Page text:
Bunny Guinness recently wrote this piece for the Telegraph and it was published in the newspaper. It has not yet appeared online though, so I asked (and received) her permission to use it here.
Many thinkingardens readers will already be familiar with this topic and the arguments, but I thought it worth putting in front of you. It’s good to see this topic being discussed elsewhere and that in itself is good to acknowledge. And then, there may be some new visitors to this site who haven’t yet come across this discussion, in which case it makes a great start.
I haven’t used the Telegraph pictures. They are other people’s copyright apart from one of Veddw by Charles Hawes, and you’ve seen enough of those. So I have just scattered some vegetation to break up the text.
Anne Wareham, editor
Bunny Guinness: No one is perfect and gardens can always be improved, so don’t get too defensive when someone offers you some constructive criticism.
There is nothing so infuriating, but also potentially rewarding, as when someone leans over your shoulder and points out an error in your garden – a prized tree that is blocking out a view, for instance.
I had a couple of professional gardeners over the other evening. They maintain a regularly opened garden to a very high level. So I asked them for a “peer review”. They looked a little uneasy – few of us embrace criticism – but eventually they kindly gave me a couple of pointers. In my orchard I have sheets of Symphytum ‘Hidcote Blue’ clothing the ground under the trees which the bees adore. It flowers relentlessly from early spring and was just starting to go over so they advised to cut it back to neaten it up. Many ground-cover plants, bergenia and geraniums especially, respond to this and perk up and look leafy and lush in no time. My husband, who is very protective of his bees, asked me quietly to leave them alone until the flowering had finished. Well, my lack of time is on the bees’ side in this case.
The second point they made concerned the four holm oaks in my courtyard, which are interspersed with four poodle-pruned lime trees. Why not remove the limes, they said. Sore point this, as the limes were quick fillers to work until the tiny transplants of holm oak grew up. When I got out the chainsaw a few years back to remove the “temporary” limes the family tree-huggers went berserk. But their comments pushed me into it and the next day I did the deed. The tree-huggers are not pleased.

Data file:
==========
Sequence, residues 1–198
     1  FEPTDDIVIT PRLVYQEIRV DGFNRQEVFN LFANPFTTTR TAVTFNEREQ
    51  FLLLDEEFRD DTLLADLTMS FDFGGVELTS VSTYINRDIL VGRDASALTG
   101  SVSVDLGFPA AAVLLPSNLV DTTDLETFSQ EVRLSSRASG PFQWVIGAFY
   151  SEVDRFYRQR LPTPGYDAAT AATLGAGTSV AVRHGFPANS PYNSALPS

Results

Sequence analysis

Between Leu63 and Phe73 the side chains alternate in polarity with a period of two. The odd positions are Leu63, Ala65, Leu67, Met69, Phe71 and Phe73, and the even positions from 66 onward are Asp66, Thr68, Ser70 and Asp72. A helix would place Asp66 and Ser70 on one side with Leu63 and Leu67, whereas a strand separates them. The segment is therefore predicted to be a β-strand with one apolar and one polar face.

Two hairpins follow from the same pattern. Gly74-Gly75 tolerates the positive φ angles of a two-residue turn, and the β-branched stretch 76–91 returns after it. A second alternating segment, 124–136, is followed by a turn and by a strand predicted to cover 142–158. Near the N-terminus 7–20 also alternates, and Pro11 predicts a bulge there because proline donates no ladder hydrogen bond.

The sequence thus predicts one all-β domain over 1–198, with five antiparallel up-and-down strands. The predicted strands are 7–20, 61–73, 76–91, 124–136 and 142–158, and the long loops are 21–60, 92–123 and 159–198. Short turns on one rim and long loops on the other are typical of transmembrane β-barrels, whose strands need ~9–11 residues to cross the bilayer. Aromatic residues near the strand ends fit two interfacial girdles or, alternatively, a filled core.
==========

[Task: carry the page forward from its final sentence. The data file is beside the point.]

Stephen Anderton is an enthusiastic critic. At the end of tours around gardens he has been known to ask visitors how they would use a bomb on the garden? He is the only other person who has offered criticism to me – he visited my garden some 20 years ago and said, “too many pots”. I have even more now and they give me huge pleasure.
Anne Wareham, garden maker and writer, is adamant that gardens need critics. She has been developing her garden, Veddw House Garden (veddw.com) in South Wales, with her husband for 28 years. She campaigns for serious reviews of gardens so that they can take their rightful place among fine arts in British culture (thinkingardens.co.uk). When she asked visitors what they thought of her garden she found it difficult to get more than “it’s lovely” from them. Whereas, as the novelist Sara Maitland points out, when you publish a book you expect a “certain robustness in the reviewing process” and she welcomes reviews. They help in many ways, such as how she might balance her next book. She points out that a polarity of views are often reflected in high sales. She wants the same in garden reviews.